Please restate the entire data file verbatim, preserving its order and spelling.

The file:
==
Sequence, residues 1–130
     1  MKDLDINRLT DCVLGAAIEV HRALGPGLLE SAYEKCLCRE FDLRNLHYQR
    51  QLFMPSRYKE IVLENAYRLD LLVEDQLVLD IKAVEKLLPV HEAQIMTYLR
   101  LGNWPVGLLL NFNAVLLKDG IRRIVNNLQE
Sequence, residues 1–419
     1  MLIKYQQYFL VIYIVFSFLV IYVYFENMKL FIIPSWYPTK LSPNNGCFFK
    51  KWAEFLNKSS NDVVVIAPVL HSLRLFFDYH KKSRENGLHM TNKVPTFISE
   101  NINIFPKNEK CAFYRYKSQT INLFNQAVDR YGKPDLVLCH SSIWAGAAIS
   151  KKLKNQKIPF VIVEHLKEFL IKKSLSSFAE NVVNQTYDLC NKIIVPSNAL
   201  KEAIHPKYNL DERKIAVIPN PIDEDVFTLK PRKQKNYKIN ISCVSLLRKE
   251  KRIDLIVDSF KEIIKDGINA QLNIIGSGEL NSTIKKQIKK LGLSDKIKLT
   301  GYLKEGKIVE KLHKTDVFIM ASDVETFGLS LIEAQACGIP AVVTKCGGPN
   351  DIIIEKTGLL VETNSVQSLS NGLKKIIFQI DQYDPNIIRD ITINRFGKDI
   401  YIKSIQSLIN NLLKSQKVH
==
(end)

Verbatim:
Sequence, residues 1–130
     1  MKDLDINRLT DCVLGAAIEV HRALGPGLLE SAYEKCLCRE FDLRNLHYQR
    51  QLFMPSRYKE IVLENAYRLD LLVEDQLVLD IKAVEKLLPV HEAQIMTYLR
   101  LGNWPVGLLL NFNAVLLKDG IRRIVNNLQE
Sequence, residues 1–419
     1  MLIKYQQYFL VIYIVFSFLV IYVYFENMKL FIIPSWYPTK LSPNNGCFFK
    51  KWAEFLNKSS NDVVVIAPVL HSLRLFFDYH KKSRENGLHM TNKVPTFISE
   101  NINIFPKNEK CAFYRYKSQT INLFNQAVDR YGKPDLVLCH SSIWAGAAIS
   151  KKLKNQKIPF VIVEHLKEFL IKKSLSSFAE NVVNQTYDLC NKIIVPSNAL
   201  KEAIHPKYNL DERKIAVIPN PIDEDVFTLK PRKQKNYKIN ISCVSLLRKE
   251  KRIDLIVDSF KEIIKDGINA QLNIIGSGEL NSTIKKQIKK LGLSDKIKLT
   301  GYLKEGKIVE KLHKTDVFIM ASDVETFGLS LIEAQACGIP AVVTKCGGPN
   351  DIIIEKTGLL VETNSVQSLS NGLKKIIFQI DQYDPNIIRD ITINRFGKDI
   401  YIKSIQSLIN NLLKSQKVH